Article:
Mammoth and Horse DNA Left in Freezer Rewrite Ice Age Extinctions

Illustration of a herd of snow-covered woolly mammoths with large tusks on a frozen landscape
Frozen DNA evidence trapped in soil suggests that mammoth and wild horse populations petered out slowly, instead of vanishing quickly. Leonello Calvetti via Getty Images

Frozen soil samples collected around a decade ago are rewriting our understanding of iconic Ice Age animals like the woolly mammoth. The soil samples were pulled from Canada’s permafrost in the early 2010s, but no work on them had been published until recently. A new analysis of the DNA samples reveals that woolly mammoths, wild horses and steppe bison were around as recently as 5,000 years ago—some 8,000 years later than previously thought, according to a study published this week in Nature Communications.

Most DNA samples are taken from materials like bone or hair, but soils also contain also genetic residue that animals leave behind as they move through an environment, according to Gizmodo’s Isaac Schultz. The soil samples sat in a freezer untested for years until Tyler Murchie, an archaeologist specializing in ancient DNA at McMaster University, decided to reinvestigate them.

“I found them in the freezers while looking for a new project during my PhD,” Murchie, lead author of the new paper, tells Gizmodo. “One of my responsibilities at the ancient DNA center is freezer maintenance, so I had a good idea of what cool stuff might be in there waiting for someone to study.”

The research team was eager to understand how and why large North American species like mammoths and bison survived for thousands of years before they vanished. During the Pleistocene-Holocene transition roughly 11,000 to 14,000 years ago, the climate went through rapid changes that led to the extinction of many Ice Age species like mastodons and saber-toothed cats. Based on previous research, scientists suspected two factors were driving extinctions: a loss of food due to a warming climate or overhunting by humans. It’s a question scientists have “been grappling with for some 270 years,” says Murchie to Gizmodo. In the new paper, Murchie’s team presents a DNA record of the plant and animal community dating back 30,000 years.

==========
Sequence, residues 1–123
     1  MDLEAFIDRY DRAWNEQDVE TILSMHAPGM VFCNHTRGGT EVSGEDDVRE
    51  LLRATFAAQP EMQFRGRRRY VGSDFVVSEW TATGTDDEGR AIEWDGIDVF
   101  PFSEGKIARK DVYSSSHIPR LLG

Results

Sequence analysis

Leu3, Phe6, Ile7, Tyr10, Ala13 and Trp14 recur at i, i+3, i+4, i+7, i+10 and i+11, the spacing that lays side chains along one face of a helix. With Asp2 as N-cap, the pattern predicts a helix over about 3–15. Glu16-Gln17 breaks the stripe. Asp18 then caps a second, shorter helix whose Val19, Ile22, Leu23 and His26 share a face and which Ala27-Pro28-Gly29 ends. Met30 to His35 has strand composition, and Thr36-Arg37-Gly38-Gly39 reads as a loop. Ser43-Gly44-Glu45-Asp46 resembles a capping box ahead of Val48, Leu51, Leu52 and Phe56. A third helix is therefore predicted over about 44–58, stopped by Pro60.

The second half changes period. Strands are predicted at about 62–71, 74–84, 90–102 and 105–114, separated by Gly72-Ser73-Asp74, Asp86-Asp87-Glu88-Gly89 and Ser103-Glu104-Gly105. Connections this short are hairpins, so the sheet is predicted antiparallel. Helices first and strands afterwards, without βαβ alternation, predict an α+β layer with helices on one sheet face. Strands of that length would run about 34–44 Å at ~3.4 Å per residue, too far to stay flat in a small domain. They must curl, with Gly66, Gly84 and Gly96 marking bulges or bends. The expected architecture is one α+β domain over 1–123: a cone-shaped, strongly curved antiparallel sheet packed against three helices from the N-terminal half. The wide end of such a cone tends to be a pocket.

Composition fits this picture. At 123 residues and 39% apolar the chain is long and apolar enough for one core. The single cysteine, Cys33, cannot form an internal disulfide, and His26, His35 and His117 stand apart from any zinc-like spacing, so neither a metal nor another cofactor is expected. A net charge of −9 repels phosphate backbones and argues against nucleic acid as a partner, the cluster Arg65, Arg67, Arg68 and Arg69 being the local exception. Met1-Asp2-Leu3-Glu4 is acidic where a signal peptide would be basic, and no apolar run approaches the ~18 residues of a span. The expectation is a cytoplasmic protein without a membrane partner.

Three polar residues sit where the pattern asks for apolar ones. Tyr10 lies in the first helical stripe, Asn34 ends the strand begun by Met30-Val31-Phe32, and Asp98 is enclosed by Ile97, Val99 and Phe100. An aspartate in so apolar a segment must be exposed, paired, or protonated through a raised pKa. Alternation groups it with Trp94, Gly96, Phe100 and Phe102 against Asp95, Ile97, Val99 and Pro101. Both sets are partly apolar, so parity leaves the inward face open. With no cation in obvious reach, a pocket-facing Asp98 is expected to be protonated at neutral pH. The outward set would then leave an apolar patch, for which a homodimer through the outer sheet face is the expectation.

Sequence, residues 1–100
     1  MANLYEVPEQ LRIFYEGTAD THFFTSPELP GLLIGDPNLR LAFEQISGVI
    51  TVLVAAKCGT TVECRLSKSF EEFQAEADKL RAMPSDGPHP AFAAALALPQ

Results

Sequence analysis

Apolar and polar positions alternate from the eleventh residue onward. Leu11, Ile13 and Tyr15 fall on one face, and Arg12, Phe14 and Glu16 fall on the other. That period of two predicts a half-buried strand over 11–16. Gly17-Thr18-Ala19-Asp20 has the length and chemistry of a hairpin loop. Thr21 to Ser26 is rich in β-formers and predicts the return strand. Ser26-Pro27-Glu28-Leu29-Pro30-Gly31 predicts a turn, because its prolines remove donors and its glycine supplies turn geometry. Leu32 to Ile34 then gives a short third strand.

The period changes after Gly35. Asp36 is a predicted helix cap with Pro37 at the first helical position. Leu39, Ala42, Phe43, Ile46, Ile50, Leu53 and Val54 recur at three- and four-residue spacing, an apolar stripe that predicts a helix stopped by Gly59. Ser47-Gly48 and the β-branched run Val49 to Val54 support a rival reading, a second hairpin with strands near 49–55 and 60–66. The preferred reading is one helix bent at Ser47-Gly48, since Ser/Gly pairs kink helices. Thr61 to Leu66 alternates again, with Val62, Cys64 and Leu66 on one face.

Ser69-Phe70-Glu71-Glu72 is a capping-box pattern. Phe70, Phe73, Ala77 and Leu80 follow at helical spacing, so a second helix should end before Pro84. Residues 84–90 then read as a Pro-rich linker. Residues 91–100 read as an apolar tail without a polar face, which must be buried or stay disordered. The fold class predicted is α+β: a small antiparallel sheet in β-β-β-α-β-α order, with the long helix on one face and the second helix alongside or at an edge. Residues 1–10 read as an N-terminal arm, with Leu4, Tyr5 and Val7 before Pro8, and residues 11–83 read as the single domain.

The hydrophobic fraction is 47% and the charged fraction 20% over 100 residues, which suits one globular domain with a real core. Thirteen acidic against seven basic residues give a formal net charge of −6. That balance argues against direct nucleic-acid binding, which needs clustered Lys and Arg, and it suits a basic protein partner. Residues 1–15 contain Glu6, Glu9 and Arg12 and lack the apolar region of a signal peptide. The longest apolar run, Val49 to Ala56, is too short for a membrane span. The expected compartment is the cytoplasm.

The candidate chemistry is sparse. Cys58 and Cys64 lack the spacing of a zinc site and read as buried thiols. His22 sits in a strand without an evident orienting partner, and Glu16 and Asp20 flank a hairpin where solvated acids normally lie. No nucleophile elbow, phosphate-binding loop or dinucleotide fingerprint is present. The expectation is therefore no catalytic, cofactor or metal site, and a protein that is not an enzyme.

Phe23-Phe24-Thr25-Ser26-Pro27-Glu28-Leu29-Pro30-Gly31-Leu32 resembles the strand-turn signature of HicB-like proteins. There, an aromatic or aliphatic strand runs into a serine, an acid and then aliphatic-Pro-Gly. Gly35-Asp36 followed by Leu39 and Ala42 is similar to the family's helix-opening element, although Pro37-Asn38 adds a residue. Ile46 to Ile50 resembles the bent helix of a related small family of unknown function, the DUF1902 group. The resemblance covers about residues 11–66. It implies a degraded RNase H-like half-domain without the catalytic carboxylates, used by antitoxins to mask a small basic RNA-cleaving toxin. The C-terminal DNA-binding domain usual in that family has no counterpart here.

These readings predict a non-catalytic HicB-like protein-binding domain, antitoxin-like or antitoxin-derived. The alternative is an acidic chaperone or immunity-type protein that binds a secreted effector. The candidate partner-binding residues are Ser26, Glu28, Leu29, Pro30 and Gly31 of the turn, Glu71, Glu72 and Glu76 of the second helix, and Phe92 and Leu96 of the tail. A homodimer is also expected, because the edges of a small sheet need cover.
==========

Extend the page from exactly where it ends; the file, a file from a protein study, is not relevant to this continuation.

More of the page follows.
“Just from gathering tiny flecks of dirt—in this case between about 0.5 and 1 gram, which is very little sediment—we can reconstruct the whole ecosystem with a variety of animals that existed in the area,” Murchie says to Sebastian Leck for CBC News.

Scientists reconstructed the ancient ecosystem using radiocarbon dating of plant material trapped in the soil in combination with microscopic genomic sequences from animal species. Their results showed something unexpected: Large mammals like mammoths and horses were already on the decline before the climate warmed. Murchie and his colleagues found evidence of woolly mammoth and North American horse DNA as recently as 5,000 years ago, which means the animals held out until the mid-Holocene.

“Now that we have these technologies, we realize how much life-history information is stored in permafrost,” Murchie said in a statement.

Scientists like Murchie have limited time to sample DNA trapped from the permafrost, as human-caused climate change is melting the frozen ground. As the permafrost melts, DNA trapped in the frozen earth breaks down and stored carbon is released into the atmosphere, which further warms the planet.

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